Nobody Will Ever Hurt You Again

Ignite is a group of local business women whose intent is to eradicate domestic abuse/violence in Marion County, Florida. We do this by raising funds for Marion County’s Domestic Violence/Sexual Assault Center, raising awareness and inspiring other women to get involved – to be part of the solution.

Because we believe knowledge is power, periodically we will share stories of Marion County women who have been affected by domestic violence and have chosen to use their life experiences as a stepping stone to help others.

In addition, we will publish articles about other local women and how their support and involvement in organizations like the center mentioned above have made a positive difference in our community.

When you read an article here that you feel will help others, please forward or copy and paste to your friends, family and co-workers.

If you know someone who has experienced domestic abuse or has a relevant life experience and would be willing to share their story to help others, please have them contact Pat Jocelyn at We can’t promise we will write and publish all of the stories but we do promise to get back with each person who has contacted us.

“Nobody Will Ever Hurt You Again”

Story by Pat Jocelyn

Delores Galloway is an Ignite volunteer and shares her personal story about domestic violence and how it changed her life’s purpose:

“The phone rang and then I heard my adult son screaming,” Ocala resident Delores Galloway said, her voice reflecting the remembered anguish.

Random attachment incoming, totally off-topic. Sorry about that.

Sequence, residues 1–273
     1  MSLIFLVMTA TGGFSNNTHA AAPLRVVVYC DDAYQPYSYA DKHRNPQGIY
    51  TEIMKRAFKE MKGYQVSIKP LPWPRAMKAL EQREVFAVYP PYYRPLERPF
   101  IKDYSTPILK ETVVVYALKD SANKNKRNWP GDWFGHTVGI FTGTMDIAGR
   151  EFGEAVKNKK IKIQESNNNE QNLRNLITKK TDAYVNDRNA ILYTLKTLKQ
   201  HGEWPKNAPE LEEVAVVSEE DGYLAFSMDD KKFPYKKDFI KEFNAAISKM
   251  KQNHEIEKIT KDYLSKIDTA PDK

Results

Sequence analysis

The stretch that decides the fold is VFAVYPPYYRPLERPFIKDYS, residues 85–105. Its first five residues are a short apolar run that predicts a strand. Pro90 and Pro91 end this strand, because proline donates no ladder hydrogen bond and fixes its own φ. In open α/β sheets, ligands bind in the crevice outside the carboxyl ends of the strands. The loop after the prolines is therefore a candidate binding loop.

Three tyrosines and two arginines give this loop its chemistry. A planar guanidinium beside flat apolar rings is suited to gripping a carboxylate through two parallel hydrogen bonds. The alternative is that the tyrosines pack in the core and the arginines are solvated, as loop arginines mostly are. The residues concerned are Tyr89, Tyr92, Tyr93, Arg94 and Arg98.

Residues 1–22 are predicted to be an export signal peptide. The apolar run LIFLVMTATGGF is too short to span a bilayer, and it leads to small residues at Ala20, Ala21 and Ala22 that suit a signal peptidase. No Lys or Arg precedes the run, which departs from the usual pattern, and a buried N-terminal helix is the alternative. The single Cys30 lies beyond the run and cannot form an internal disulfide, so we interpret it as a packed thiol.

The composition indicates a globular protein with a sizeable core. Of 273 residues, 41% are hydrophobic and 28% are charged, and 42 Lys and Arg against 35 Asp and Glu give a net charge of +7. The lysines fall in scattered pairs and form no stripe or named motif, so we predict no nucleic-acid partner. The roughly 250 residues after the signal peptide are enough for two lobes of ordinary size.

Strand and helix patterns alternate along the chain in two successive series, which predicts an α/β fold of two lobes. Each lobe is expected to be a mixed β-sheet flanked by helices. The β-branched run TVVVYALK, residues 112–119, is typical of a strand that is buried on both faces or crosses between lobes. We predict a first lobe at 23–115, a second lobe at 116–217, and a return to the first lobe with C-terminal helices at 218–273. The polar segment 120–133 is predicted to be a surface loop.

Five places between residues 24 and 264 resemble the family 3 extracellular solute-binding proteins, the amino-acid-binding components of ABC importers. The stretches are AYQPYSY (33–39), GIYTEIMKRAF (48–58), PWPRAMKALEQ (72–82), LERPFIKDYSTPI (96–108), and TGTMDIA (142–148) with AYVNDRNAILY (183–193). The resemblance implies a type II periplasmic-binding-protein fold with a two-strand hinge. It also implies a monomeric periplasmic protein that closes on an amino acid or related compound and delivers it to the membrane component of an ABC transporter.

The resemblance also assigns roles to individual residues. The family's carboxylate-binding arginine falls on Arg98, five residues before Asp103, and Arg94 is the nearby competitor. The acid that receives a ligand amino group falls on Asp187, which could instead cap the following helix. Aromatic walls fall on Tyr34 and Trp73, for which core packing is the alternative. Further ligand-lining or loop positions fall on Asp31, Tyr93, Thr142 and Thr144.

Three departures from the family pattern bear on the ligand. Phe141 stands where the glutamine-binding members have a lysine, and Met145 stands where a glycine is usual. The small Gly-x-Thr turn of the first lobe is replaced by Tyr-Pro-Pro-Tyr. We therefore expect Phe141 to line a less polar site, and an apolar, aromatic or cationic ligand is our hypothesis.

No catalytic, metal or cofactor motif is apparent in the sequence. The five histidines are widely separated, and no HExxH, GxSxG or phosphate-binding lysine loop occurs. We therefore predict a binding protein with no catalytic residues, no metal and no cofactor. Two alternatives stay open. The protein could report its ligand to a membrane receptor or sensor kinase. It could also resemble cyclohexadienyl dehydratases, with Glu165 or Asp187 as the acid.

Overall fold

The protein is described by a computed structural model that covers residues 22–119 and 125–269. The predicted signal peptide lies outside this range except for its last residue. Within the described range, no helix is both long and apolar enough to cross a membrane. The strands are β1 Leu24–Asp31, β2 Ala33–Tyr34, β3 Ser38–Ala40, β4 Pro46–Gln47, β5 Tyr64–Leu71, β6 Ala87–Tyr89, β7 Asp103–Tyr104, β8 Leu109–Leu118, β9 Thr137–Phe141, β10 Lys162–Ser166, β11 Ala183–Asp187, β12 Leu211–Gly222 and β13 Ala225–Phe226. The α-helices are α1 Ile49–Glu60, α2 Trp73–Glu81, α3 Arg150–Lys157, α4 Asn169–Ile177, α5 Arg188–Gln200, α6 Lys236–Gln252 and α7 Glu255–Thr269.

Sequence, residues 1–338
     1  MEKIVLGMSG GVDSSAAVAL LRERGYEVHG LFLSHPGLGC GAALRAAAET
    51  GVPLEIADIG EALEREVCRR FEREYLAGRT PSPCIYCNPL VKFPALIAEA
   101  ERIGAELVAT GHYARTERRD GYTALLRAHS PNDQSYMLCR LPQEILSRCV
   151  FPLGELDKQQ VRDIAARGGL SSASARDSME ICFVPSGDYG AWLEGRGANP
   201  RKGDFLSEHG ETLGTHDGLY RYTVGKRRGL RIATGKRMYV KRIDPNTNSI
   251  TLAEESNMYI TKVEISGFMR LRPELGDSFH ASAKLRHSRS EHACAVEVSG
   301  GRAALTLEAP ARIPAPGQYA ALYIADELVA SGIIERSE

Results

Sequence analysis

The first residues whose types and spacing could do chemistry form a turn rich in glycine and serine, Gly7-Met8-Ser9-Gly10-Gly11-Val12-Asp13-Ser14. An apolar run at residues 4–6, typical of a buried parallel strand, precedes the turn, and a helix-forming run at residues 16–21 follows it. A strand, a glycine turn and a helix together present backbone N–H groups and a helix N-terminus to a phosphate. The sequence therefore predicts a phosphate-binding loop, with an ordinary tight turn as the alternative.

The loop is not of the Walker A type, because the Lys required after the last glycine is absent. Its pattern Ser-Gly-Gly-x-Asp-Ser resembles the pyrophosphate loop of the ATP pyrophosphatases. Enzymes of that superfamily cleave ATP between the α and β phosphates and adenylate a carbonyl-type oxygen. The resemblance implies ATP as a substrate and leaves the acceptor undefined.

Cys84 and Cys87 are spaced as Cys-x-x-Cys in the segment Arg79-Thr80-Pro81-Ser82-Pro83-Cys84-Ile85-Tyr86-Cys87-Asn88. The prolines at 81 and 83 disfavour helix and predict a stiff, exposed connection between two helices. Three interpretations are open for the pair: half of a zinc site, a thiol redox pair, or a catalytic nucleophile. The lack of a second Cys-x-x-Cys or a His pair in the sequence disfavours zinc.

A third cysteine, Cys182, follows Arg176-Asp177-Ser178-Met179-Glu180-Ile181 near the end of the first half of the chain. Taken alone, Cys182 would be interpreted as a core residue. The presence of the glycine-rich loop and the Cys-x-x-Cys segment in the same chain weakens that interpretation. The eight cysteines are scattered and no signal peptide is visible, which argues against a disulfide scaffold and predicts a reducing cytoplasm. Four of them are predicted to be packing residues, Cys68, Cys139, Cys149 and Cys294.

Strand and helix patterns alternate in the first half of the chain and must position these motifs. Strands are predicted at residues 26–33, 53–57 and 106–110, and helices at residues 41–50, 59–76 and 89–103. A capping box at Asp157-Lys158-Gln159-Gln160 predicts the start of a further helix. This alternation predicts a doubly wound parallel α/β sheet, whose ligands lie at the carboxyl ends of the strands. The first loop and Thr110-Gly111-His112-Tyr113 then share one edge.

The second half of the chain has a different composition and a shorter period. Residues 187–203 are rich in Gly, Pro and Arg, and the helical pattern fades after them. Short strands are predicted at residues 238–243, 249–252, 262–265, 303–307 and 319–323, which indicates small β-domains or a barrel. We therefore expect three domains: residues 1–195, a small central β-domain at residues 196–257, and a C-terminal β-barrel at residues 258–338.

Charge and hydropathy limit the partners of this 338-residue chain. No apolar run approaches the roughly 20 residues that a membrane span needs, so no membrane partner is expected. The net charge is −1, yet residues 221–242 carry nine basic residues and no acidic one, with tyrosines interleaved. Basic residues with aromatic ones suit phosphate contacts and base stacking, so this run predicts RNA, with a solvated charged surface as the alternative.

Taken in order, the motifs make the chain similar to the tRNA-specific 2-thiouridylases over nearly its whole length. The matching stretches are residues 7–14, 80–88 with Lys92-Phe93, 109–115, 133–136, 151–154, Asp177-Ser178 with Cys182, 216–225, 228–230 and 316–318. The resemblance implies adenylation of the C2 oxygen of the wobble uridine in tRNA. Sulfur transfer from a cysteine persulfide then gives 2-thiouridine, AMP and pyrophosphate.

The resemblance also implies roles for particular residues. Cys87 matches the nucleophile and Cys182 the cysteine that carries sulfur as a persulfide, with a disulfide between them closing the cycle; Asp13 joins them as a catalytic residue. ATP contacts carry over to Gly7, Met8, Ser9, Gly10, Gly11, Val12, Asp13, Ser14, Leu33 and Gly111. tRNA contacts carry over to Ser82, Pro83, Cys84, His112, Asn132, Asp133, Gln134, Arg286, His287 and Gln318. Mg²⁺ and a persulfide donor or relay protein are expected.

Delores recalled running towards her son as he cried out in disbelief, ‘Mom, he’s gone’. Galloway frantically sought clarification and asked, “What do you mean he’s gone?”

‘Elijah’s gone,’ he replied, referring to his baby boy, Delores’ grandchild.

That tragic day eighteen years ago was the day Delores Galloway’s grandson Elijah was murdered. “I didn’t want to believe it,” Delores explained. “I had lost a grandson to domestic violence.”

So begins a long and pain-filled journey back in time as Delores shares one of the most painful experiences of her family’s life:

Back then, Elijah’s parents were not living together so the mother of the nine-month-old infant agreed her baby could stay with Delores and her son for an extended visit. Grandmother and grandson grew very close – very quickly. “He was such a joy,” Delores said as a wistful smile touched her lips. “Every morning I’d go in and change him before going to work and every night I’d rock him to sleep singing ‘Jesus loves me, this I know’.”

Elijah was just over a year old when his mother contacted them with the news she was arriving to pick the baby up. “I remember it like it was yesterday,” Delores recalled, referring to the day she took Elijah and his mother to the airport. “As I was driving I began to weep and I didn’t know why,” she said. “I just had this feeling. I remember handing him off to her and telling her to take good care of him.”

Time passed. Then on that fateful day when her son received the tragic news that Elijah had been killed, Delores and her family’s lives were turned upside down. The family travelled to Ohio to attend the funeral.
It was there that Delores first saw the body of her beloved grandchild; it was there that she made a silent promise to him. “I said, ‘Elijah, nobody will ever hurt you again and for the rest of my life I’m going to be your voice’.”

“That became my life’s work,” Delores said in a low voice; “to be his voice and to be the voice of others like him.”

Shortly after hearing the devastating news of her grandchild’s untimely passing, Delores sought out the details and facts behind Elijah’s death. “I wanted to see where he lived and I began to interview people; and I asked all kinds of questions of the mother,” she said.